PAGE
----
Intel Corp. has formed a research collaboration with leading universities to explore technologies for next-gen wireless networks. Initially, the world’s largest chipmaker will invest at least $3 million to support wireless research at more than 10 universities including Stanford, ITT Delhi and Pompeu Fabra. The work focuses on topics including how to improve quality of service via context awareness, wireless device power efficiency and enabling new radio spectrum.
As 4G standards have completed in 2011 and networks are beginning to be deployed, the attention of the mobile research community is shifting towards what will be the next set of innovations in wireless communication technologies which we will refer to collectively as “5G” (5th generation technologies). Given a historical 10-year cycle for every generation of cellular advancement, it is expected that networks with 5G technologies will be deployed around 2020.
While 4G standards were designed to meet requirements issued by the International Telecommunications Union-Radio (ITU-R), no definition for what comes beyond 4G is available yet. The most salient requirement for 4G standards has been peak service rates of 100Mb/s for high mobility users and 1Gb/s for low mobility users. Experts vary in opinion whether the next generation of cellular networks will continue to enhance peak service rates further, or move to newer metrics such as area spectral efficiency or energy efficiency, or even define new metrics around service quality and user experience.
From the perspective of a person using a wireless device however, the communication requirements are clear. We want to be connected all the time: to the internet, to the cloud, and to the various devices in our lives, from phone to PC to tablet to TV to our car. We expect to access a rich set of services regardless of where we are: at home, at the office, or outdoors. This poses challenging requirements on the wireless network which must not only meet minimal service rate requirements, but also provide a uniform service experience regardless of where we are or which device we are using. Moreover, our expectations of connectivity will increasingly include personalized service enhancements. These enhancements will leverage context information associated with our application service, our device, and us. We believe that improvements in the connectivity experience will stimulate innovation in new services and devices that will enrich our lives beyond what we can envision today, wrote Intel experts in a special blog post.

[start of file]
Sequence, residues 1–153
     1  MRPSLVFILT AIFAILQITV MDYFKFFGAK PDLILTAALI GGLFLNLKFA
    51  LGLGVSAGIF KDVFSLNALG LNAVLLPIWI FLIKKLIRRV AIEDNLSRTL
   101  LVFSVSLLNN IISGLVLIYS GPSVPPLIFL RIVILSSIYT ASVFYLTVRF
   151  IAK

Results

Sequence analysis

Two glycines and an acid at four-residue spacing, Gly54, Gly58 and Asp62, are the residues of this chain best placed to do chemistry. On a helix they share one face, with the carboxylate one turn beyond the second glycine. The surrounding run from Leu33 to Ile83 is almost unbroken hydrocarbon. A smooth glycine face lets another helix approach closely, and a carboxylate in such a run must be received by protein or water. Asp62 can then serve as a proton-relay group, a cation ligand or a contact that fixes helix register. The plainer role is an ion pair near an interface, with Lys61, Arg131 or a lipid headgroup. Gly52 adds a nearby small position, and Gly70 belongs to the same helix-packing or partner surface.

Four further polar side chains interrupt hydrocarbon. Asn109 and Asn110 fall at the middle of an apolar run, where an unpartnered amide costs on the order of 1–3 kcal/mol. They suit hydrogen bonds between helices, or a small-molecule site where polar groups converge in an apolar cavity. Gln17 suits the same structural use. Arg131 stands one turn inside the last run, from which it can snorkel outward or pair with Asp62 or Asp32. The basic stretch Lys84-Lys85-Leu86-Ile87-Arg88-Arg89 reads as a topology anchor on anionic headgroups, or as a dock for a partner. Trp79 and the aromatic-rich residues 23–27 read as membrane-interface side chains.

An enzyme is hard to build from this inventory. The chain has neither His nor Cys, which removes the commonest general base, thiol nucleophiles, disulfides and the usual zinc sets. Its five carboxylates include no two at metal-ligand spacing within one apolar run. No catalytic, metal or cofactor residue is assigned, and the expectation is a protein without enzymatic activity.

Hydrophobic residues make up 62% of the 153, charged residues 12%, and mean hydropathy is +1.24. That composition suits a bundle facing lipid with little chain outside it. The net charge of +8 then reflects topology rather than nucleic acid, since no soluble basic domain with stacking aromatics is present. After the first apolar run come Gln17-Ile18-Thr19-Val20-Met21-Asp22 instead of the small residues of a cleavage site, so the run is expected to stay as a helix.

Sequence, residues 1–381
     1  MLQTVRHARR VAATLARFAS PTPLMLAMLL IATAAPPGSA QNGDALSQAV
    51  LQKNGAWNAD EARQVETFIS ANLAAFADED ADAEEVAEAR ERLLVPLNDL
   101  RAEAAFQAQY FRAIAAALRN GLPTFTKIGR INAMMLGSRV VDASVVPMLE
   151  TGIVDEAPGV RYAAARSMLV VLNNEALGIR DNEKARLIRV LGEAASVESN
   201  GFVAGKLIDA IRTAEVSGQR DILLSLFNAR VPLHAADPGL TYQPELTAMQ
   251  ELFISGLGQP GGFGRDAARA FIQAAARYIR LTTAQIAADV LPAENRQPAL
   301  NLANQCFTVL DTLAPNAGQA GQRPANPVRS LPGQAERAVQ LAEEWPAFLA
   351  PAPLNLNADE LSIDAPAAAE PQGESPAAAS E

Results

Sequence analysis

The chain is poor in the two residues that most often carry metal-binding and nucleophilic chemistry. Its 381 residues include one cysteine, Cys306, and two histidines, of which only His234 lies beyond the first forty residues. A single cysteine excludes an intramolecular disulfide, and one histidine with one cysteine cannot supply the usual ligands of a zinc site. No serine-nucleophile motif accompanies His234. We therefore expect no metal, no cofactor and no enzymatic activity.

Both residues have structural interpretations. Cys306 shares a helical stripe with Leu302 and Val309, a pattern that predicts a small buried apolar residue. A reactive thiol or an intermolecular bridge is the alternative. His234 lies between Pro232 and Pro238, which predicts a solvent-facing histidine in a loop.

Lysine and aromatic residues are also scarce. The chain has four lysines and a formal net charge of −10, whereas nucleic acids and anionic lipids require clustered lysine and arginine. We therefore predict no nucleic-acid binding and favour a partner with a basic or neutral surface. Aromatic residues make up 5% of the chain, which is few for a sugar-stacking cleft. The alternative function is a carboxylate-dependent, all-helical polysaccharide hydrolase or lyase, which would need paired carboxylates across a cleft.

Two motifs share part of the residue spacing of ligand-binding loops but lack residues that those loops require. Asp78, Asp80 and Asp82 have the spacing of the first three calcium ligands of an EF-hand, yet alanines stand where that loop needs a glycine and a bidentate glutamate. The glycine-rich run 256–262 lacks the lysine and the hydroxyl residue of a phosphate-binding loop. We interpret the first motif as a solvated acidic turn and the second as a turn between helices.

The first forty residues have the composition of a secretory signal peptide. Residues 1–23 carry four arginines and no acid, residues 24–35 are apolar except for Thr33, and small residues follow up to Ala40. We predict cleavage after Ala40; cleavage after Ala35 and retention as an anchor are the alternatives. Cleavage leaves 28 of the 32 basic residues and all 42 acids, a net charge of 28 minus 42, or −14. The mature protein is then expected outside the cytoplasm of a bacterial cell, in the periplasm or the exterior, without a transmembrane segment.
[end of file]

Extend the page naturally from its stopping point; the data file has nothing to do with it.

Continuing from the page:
Intel Labs has recently announced the formation of an Intel Strategic Research Alliance (ISRA) to explore technologies for tomorrow’s wireless networks through collaborative university research. Such technologies should dramatically improve user experience in the face of rapidly growing data volume in wireless networks, rapidly growing number of wireless devices, and increasingly rich and varied requirements of application services.
The ISRA has the following goals:
- Enable a rich wireless user experience. 5G technologies must provide a dramatic increase in network capacity to address the rising demand for rich multimedia content and to address the service requirements for billions of future devices.
- Ensure pervasive user connectivity. 5G technologies must insure a uniform experience throughout the network by offering a consistent level of connectivity and connection quality. This is irrespective user location and interference from other users.
- Provide high service quality and user personalization. 5G technologies must leverage application data characteristics and user context to tailor service quality to the user. Beyond individual user requirements, this also serves to maximize the efficiency of information transfer within the network.
Since late 2012, the University Research Office has undertaken an extensive review process to select outstanding proposals from university research teams around the world to participate in the ISRA. Researchers are looking at a range of topics including enabling new spectrum, improving spectral efficiency and spectral reuse, intelligent use of multiple radio access technologies, and use of context awareness to improve quality of service and wireless device power efficiency.
Several projects have been selected representing leading wireless universities worldwide, including University of Southern California, New York University, Princeton, Stanford, University of Illinois at Urbana-Champaign, University of Texas at Austin, University Fabra Pompeu, Purdue University, Cornell, IIT Delhi, University of California at Los Angeles, Rice University, and Macquarie University.
It is expected that this program will grow as additional partners’ sign on to join the program, including wireless operators and ecosystem partners. Intel was pleased to continue its university research collaboration with Verizon who became our first industry partner in the effort.